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bank of america is reportedly looking to move more jobs than originally envisaged from london to its new paris office. itit is shapaping up to bebe onf the e biggest shifts ahead of brexit. a first wave of 400 staff will move early next year. the bank is refurbishing enououh office space to create a european trading hub once britain leaves the eu. in further corporate news, a highly anticipated merger is finally complete. german chemicals group bayer has sealed its takeover of usc's maker monsanto. it is worth $63 billion. bayer is already a time and will become a bigger global player. in a monsanto will disappear, but t it's for -- the name on center will disappear, but it's -- the name monsanto will disappear, but it's brands will remain. reporter: with h the purchase of monsantoto, bayer becomes the
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largesagrochemical comny in the world. holds just over 30% of the global market. that is ahead of the chinese swiss firm which has just ov 28%. that it is the u. business down to pot, with 17.5%. basf controls 15.5% of the global markeket. just five corporate entities wiwill determine the direction f global agriculture and the nutrition of humanity. this while the world population grows. 10 million people by 2050, according to current estimates. because farmland isn't increasing, it is up to these five firms to figure out how to coax more out of the ground that is already under the plow. javier: the football world cup in russia is a week away with many european teams hoping to win it. soccer is not only a national support in many countries on the continent, but
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big business. a new study says that the european football market is worth 25.5 million euros half of it generated by five leagues. france's top league is the lowest revenue generator of the big five and just 1.6 billion euros last season. italy some revenue growth by 8% to more than 2 billion euros. most of it came from the acquisition by a chinese corporation. germany's bundesliga is in third place. clubs like bayer have increased their revenue come up to 15% across all teams to 2.8 billion euros. the bundesliga is number one for attendance, by the way, averaging more than 41,000 loyal fans going to cheer each game. in revenue terms, spain's top league has overtaken the bundesliga to be the world's second highest earning come with 2.9 billion euros.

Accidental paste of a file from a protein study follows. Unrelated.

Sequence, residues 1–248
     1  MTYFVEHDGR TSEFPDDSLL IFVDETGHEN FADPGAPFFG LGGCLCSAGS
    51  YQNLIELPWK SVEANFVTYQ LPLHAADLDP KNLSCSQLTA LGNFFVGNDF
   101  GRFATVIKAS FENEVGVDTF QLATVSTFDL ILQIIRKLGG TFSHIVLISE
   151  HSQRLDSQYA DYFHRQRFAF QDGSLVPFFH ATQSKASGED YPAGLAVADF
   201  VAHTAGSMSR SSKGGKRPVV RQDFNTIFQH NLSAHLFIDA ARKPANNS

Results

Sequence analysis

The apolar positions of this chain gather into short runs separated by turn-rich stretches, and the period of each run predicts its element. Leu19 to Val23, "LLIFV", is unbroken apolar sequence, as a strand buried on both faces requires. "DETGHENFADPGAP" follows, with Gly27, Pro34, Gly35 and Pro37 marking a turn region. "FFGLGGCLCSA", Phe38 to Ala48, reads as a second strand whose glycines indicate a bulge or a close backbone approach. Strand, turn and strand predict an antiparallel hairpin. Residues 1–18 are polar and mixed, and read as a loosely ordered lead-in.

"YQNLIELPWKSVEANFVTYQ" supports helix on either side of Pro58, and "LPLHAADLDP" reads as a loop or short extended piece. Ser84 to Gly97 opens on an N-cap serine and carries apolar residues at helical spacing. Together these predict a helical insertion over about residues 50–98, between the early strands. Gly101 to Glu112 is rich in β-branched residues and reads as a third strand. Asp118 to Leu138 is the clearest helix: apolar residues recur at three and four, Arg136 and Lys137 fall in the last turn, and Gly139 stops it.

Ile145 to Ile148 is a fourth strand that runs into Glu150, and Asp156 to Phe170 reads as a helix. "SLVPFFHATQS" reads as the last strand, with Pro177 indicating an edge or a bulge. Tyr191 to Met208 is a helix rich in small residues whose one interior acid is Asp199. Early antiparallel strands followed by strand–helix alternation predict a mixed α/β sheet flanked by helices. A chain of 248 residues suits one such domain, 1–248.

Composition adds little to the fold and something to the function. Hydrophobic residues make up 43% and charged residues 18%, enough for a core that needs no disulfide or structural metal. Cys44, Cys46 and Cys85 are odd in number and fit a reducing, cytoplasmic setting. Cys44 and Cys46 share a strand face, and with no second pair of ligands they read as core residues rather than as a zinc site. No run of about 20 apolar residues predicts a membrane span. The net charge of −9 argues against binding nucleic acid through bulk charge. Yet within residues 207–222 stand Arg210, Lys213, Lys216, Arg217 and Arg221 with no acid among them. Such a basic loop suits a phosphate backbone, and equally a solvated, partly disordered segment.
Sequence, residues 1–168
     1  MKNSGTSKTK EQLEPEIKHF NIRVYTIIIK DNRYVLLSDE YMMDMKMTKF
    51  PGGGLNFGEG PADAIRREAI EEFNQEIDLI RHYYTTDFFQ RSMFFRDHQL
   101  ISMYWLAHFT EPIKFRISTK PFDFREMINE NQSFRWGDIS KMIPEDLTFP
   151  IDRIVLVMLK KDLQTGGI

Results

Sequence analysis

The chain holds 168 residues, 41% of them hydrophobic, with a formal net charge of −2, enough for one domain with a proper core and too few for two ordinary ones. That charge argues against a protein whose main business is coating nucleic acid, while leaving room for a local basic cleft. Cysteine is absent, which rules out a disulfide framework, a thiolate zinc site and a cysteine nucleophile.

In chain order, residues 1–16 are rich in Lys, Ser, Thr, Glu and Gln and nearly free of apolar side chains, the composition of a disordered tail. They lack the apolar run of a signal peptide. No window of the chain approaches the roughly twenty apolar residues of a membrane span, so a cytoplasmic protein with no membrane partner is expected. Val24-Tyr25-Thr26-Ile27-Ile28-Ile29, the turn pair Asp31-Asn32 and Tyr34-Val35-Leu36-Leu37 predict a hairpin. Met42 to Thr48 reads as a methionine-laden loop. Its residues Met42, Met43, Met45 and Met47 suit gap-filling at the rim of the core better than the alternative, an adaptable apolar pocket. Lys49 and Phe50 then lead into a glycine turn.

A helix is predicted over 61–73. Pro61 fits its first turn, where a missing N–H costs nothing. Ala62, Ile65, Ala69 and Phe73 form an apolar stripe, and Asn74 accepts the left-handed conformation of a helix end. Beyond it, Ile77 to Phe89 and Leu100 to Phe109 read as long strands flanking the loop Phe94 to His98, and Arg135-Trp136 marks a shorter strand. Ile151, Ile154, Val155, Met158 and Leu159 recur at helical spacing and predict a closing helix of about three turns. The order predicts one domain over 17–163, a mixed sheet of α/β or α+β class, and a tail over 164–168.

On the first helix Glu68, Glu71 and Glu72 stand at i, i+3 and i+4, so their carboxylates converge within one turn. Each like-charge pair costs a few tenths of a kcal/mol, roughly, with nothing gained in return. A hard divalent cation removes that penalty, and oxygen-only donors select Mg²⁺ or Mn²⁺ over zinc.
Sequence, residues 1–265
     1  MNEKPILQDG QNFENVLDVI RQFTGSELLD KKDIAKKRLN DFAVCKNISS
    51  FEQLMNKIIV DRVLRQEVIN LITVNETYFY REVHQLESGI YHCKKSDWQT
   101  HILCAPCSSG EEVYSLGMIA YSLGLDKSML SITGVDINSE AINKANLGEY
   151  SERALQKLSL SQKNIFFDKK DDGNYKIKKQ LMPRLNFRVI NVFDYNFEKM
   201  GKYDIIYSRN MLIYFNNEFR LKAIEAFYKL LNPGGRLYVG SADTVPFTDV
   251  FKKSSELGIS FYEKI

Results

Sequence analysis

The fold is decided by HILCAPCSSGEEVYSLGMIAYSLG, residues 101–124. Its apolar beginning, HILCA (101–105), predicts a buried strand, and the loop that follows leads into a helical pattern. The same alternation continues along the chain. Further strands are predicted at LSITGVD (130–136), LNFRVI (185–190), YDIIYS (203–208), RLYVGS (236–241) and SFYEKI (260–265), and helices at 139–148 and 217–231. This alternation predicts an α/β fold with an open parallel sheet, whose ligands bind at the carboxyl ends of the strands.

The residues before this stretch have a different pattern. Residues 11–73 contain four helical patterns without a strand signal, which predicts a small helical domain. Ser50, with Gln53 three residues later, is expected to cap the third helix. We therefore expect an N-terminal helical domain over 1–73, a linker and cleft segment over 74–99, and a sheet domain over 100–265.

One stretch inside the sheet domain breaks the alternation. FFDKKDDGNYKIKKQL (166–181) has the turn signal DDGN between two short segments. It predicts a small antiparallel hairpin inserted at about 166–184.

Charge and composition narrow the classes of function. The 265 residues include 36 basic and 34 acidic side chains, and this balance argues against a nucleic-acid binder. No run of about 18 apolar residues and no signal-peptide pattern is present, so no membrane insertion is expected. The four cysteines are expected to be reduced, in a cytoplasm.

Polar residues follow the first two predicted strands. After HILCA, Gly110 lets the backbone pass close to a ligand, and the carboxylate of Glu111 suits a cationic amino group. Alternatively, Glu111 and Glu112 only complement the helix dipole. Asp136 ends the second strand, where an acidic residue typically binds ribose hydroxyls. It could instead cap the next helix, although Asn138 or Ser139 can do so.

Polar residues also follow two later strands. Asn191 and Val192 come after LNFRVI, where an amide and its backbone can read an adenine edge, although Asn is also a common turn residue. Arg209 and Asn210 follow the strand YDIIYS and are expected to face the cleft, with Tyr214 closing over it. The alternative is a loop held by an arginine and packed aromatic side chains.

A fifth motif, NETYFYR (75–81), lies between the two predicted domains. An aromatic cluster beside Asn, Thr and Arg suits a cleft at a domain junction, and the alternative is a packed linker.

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that is still not much when looking at europe's number one, the english premier league, with a total revenue above 5 billion euros and 20 clubs that set annual records. 20 years ago, one half of the clubs were an operating loss. we asked the author of the report which trends he has got his eye on. >> what we see is the change in consumer behavior and media consumption. it will be very interesting if the new players on the field in the media business, which also come from the online and digital sector, will continue to drive revenue growth in the next couple of years. there is still an enormous interest by broadcasters and sponsorship companies. this has been a key driver in past years, and i am sure it will continue to be a driver. javier: and we're speaking of